On Saturday morning, a rapidly growing cultural tension from racist members of the alt-right came to a violent head. Thousands of white nationalists from disparate alt-right groups gathered in Charlottesville for a Unite The Right rally to protest the city's decision to remove a statue of the Confederate Gen. Robert E. Lee. Following violent outbreaks, president Donald Trump made a speech that had people on Twitter furious.
In the hours leading up to the rally, Virginia Gov. Terry McAuliffe declared a state of emergency and urged constituents to keep their distance from the scene.
"In advance of (Saturday's) rally there have been communications from extremist groups, many of which are located outside of Virginia, who may seek to commit acts of violence against rally participants or law enforcement officials," wrote McAuliffe in a statement. "In the event that such violent or unlawful conduct occurs, I have instructed state public safety officials to act quickly and decisively in order to keep the public and themselves safe."
Throughout the morning and afternoon, white nationalist protesters marched with torches and chanted slogans such as "white lives matter" and "we will not be replaced by the Jews." While there were small gatherings of peaceful anti-racist counter-protesters, Trump's speech placed blame on "all sides" for the violence, refusing to single out the white supremacists.
Trump says "we all must be united" creates false equivalency. Racist speech causes harm. Response seeks justice. https://t.co/gEgGeQxXyE— Jonathan Smith (@JonSmithWLC) August 12, 2017
"We condemn in the strongest possible terms this egregious display of hatred, bigotry and violence on many sides ― on many sides. It’s been going on for a long time in our country, not Donald Trump, not Barack Obama, it’s been going on for a long, long time," Trump said at a ceremony to reform the Veterans Affair health care system. "It has no place in America. What is vital now is a swift restoration of law and order and the protection of innocent .lives."
Understandably, Trump's unwillingness to directly condemn the gathering of thousands of white nationalists had Twitter on fire with critique. Here are just a few of the responses to Trump's speech.
Silence As A Nod Of Approval
By not calling out white supremacists, fascists and neo-Nazis by name, Trump gave em a wink and a nod — he has their back. #Charlottesville— Bill Madden (@activist360) August 12, 2017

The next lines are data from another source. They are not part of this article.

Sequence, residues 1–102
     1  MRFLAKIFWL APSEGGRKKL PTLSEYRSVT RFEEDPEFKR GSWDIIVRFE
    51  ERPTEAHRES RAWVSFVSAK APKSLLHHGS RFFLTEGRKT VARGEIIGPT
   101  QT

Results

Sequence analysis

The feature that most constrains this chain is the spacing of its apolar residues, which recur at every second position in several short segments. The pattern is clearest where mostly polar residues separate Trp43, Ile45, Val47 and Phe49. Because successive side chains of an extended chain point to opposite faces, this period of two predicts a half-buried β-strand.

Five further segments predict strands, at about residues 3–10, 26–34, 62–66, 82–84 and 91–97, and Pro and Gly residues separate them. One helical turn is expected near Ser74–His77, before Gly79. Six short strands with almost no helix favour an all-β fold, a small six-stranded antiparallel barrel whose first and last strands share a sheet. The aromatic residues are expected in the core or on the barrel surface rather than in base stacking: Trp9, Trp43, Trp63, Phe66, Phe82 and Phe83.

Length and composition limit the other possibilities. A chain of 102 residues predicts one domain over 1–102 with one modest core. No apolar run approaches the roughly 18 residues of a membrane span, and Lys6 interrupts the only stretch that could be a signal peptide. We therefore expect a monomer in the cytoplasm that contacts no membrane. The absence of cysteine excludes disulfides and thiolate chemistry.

Bringing It Back To Obama
Remember Trump blasting Obama for not saying "Islamic terrorism"?— Trita Parsi (@tparsi) August 12, 2017
Well, when will Trump call out "White Supremacists" in #Charlottesville?
Trump Ignores A Question
The Scary Conflation Of Antifa And The Alt-Right
Trump's half-hearted statement on Charlottesville where he refused to call out white supremacists was heard loud & clear by bigots. pic.twitter.com/a3vZgqxOnL— Shaun King (@ShaunKing) August 12, 2017
When White Nationalists Heil Trump
Getting Straight To The Point
Critiquing The Broad Way His Speech Could Be Interpreted
Trump denouncing hate but in such a way that you don't know if he's talking about white supremacists or the antiracists in #Charlottesville— jelani cobb (@jelani9) August 12, 2017
Pointing Out The Terrorism
How is the KKK Plowing through a crowd of protesters not considered a terrorist attack? Asking for a friend #charlottesville— Impeach Donald Trump (@Impeach_D_Trump) August 12, 2017
Pulling Up Old Tapes Of Trump
A Shout Out To Steve Bannon's White Nationalism
Trump didn't disavow the Nazi's, cuz he knows Bannon & Miller would be furious. Like & RT if think Trump should resign. #Charlottesville— Joe Negan (@mynameisNegan) August 12, 2017
A Nod To The Violent People In MAGA Hats
Of course Trump was vague in his tweet on which side to denounce in Charlottesville...— Tony Posnanski (@tonyposnanski) August 12, 2017
The violent ones wore his MAGA hats.
Calling The Rally Unpatriotic
March & rally in Charlottesville against everything the flag stands for. President Trump must condemn in strongest terms immediately.— Chuck Schumer (@SenSchumer) August 12, 2017
The KKK Gives Trump A Shout Out
Calling Out Trump's Voting Base
Trump needs to realize that 100% of the Charlottesville white nationalists voted for him and this is 100% his fault.— David Putnam (@davidmputnam) August 12, 2017
A Critique Of Trump's Tangent About The Economy
The world is ending, but Trump's gonna be good for the economy, right? #Charlottesville— Hari Kondabolu (@harikondabolu) August 12, 2017
Pointing Out How Trump's Presidency Emboldened Racists
There Are Nazis In The White House
Calling Out To Silent Representatives
Every Congressperson who fails to denounce the supremacists in #Charlottesville & who does not condemn Trump's silence, is complicit in hate— Beau Willimon (@BeauWillimon) August 12, 2017
We are still waiting for Donald Trump to repudiate the racist sentiments that fueled Saturday's violent events.